In November, overall consumer prices fell due to the price at the gas pump dropping. The nation’s key inflation measure, the Consumer Price Index dropped in November by 0.3% thanks mainly to a drop in the price of gasoline of 7.4% in just November, said the Department of Labor on Friday.
Overall prices increased 1.8% compared to last year in November, but were off the 2.2% rate of inflation that was recorded for October.
Falling prices benefited the consumer at gas pumps, which was a timely development to support spending heading towards the all critical shopping season during the holidays, said a financial advisor from Plante Moran. Even though prices in gasoline dropped during November, the price is still nearly 2% higher than it was a year ago.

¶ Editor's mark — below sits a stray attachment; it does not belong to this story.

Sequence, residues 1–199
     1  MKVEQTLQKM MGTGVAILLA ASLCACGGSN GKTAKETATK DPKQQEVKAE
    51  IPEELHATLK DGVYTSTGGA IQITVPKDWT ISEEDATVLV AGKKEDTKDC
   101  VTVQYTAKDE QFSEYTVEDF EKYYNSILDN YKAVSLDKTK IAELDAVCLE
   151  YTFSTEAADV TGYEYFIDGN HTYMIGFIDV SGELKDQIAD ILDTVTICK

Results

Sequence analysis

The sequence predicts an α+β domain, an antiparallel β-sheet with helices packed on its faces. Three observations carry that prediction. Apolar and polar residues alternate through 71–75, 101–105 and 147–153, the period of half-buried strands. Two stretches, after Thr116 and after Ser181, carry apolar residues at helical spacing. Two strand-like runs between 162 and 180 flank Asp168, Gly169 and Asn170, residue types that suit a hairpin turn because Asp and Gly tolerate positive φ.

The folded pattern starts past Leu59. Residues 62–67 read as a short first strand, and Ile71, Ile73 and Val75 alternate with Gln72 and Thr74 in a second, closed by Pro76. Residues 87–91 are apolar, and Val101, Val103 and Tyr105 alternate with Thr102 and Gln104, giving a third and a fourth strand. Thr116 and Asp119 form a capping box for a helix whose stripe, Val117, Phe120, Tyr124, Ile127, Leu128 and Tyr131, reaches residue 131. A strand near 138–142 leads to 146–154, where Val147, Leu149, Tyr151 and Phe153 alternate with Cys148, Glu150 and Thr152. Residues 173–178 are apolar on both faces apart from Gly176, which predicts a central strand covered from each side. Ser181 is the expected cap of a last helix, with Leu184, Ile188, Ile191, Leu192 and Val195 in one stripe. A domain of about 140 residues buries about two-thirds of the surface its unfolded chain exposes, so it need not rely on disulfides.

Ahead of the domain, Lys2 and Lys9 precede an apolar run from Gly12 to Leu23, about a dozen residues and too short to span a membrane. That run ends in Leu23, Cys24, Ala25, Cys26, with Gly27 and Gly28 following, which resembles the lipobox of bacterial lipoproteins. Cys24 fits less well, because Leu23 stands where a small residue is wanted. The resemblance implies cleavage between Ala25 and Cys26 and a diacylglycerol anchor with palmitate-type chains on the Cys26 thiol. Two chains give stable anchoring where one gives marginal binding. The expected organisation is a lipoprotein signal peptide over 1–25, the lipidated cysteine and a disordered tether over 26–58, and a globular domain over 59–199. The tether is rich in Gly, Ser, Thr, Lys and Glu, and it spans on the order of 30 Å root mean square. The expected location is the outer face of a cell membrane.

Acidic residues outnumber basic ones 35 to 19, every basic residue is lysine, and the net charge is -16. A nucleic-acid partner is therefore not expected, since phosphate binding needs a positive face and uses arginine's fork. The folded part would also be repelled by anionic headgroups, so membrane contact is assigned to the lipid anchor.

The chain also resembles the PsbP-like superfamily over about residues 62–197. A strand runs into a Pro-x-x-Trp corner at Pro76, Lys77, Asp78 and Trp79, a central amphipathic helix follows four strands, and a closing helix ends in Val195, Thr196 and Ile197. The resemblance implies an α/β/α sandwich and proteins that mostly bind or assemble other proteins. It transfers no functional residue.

During the month, the price for a gallon of regular gas dropped by an average of 12 cents to reach $3.40. Some increases to the price of gasoline took place in New Jersey and New York during the early part of November due to shortages of gas from Superstorm Sandy, which caused some price gouging. However, the price on average across the nation dropped steadily during the month.
Another important component of the consumer price index is food prices, which moved up slightly during November and were 1.8% higher this year than last November.
The core-CPI, which takes out volatile energy and food prices, also was up higher during the month and was nearly 2% higher this November compared to last November. Core prices are monitored much closer by economists to see the underlying pressure made by inflation.